English composer and musician, Pete Wyer discusses creating the sensation of silence through music – and introduces the idea for a project that could bring ‘quiet’ to some of our less peaceful places.

‘It’s something of an irony that to come to a point of ‘silence’ we often need noise.  In my years of creating opera and music for theatre I became very aware that the best way to create the feeling of silence is to produce sounds that deepen the feeling of stillness.

This is partly because in the human experience there isn’t really such a thing as silence (the body makes noise, we can continually hear the sound of our own blood pumping and the high pitch whine of our central nervous system).  We do, however, have enormous benefit from ‘quiet’.  Whether we’re conscious of it or not, we continually take in information from all around us, bombarding the senses.

This has led to an ambition to create a ‘Peace Garden’ that uses sound.  Since 2004 I have worked with ‘immersive sound’.  In recent times I have created immersive choral works, recording the voices of the choir separately and playing them back over multiple speakers distributed throughout a space.  I have also recorded the sounds of songbirds at dawn over 18 simultaneous audios in order to try to recreate the immersive nature of a woodland at dawn.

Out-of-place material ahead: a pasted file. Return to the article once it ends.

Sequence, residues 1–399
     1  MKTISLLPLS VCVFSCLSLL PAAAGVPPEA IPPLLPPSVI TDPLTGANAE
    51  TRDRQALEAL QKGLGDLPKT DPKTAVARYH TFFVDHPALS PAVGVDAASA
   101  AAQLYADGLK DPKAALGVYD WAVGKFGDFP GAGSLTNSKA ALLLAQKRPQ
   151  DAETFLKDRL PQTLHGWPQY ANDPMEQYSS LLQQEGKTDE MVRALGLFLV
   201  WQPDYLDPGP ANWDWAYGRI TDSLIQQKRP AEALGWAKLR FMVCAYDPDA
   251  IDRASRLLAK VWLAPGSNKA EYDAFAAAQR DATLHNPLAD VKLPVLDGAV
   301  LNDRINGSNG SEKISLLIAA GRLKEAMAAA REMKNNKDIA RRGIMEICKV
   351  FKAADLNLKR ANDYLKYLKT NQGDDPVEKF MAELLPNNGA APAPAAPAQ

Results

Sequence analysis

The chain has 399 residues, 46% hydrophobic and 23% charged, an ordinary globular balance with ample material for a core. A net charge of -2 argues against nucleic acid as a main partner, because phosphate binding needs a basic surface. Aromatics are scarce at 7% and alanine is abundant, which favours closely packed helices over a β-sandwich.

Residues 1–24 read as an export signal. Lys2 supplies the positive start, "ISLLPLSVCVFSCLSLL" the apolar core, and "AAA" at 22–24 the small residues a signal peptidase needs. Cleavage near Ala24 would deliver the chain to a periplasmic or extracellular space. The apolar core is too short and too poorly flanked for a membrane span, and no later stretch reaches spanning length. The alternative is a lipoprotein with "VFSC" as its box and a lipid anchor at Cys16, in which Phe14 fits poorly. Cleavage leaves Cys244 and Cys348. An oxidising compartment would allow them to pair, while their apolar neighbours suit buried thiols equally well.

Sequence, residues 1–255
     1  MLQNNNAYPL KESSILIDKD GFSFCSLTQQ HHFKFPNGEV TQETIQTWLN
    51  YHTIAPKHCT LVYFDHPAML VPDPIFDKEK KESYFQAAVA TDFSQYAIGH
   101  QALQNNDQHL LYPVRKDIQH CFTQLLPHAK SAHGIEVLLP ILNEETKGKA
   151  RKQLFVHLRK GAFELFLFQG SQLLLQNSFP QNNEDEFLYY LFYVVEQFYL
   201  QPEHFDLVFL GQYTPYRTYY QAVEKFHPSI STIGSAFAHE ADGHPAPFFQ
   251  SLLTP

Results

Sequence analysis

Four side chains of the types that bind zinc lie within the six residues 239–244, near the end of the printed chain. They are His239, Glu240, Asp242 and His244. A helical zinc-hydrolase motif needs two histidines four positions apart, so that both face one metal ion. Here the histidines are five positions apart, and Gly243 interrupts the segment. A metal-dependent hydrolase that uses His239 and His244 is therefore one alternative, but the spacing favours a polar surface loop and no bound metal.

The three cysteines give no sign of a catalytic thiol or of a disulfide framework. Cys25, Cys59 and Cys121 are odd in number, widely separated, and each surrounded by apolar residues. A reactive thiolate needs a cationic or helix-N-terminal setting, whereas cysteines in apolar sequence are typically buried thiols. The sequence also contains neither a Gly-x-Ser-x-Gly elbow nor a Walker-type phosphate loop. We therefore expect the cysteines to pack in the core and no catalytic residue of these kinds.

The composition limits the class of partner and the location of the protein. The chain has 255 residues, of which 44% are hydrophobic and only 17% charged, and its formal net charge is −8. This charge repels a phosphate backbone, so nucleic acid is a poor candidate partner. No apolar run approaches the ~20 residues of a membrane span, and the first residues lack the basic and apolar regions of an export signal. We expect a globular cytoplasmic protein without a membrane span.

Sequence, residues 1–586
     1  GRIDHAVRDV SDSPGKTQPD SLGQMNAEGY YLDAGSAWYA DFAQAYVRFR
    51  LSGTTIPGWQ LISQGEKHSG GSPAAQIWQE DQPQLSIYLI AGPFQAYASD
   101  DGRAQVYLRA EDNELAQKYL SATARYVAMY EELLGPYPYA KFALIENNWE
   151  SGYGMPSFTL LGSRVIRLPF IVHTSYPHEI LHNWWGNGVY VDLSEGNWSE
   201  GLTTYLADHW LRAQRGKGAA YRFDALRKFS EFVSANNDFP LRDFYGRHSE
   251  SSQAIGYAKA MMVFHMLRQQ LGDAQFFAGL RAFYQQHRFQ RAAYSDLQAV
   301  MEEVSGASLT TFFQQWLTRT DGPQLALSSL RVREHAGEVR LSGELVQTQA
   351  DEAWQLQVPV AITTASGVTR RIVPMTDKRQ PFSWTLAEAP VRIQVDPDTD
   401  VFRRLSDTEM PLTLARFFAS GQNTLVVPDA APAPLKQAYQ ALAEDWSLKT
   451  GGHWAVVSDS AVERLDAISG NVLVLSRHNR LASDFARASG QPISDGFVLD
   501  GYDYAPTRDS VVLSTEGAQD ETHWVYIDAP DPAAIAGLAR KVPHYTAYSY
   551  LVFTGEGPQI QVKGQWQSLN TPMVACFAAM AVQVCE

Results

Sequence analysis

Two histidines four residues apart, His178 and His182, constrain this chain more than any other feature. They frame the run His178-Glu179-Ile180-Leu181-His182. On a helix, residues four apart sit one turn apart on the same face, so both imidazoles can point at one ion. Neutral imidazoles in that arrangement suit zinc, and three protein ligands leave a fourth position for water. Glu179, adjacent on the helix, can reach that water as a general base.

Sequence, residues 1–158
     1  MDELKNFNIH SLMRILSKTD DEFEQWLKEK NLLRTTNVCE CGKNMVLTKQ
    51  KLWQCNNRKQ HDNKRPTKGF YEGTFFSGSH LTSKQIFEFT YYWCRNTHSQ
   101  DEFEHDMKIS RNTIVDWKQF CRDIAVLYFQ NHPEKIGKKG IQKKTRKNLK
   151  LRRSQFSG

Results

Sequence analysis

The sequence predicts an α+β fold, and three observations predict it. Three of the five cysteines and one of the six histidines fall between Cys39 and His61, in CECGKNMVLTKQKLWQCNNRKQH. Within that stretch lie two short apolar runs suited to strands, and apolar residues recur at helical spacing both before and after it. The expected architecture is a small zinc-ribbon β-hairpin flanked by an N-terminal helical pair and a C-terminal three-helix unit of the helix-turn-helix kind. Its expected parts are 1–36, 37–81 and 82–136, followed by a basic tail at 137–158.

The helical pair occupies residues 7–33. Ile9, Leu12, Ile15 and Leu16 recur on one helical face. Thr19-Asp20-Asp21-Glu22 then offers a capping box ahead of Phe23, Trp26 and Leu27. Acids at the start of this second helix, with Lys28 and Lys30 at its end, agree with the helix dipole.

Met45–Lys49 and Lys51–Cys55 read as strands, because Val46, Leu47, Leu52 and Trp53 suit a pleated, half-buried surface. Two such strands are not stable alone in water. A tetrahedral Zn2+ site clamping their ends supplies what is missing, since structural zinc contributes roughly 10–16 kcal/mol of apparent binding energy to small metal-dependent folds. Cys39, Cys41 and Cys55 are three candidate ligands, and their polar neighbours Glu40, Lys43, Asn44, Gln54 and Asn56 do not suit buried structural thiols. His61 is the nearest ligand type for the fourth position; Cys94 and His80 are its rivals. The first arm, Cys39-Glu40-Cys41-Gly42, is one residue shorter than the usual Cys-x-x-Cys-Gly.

For ‘Peace Garden’ I would like to create a space where people can sit and be silent and listen to the songbirds of spring and to singing voice all around them.  Somewhere to lose the anxieties of the future or pains of the past for a short time.  Somewhere to leave behind emails, cellphones and be connected only to the moment, to simply be peaceful.

‘Peace Garden’ is suited to beautiful environments, of course, but I very much like the idea of creating it for places that are not conventionally peaceful such as airports or railway stations – or perhaps in churches that sit empty much of the time’.

Pete’s most recent installation work Song of the Human was commissioned by Brookfield Arts, New York and performed in Brookfield Place in October 2016. Partly inspired by Professor Shigeru Miyagawa’s theory that human speech is evolved from birdsong, it explores ‘the human as a part of nature and the nature of being human’.  Song of the Human moved from New York to Messums in Wiltshire for six weeks in early 2017.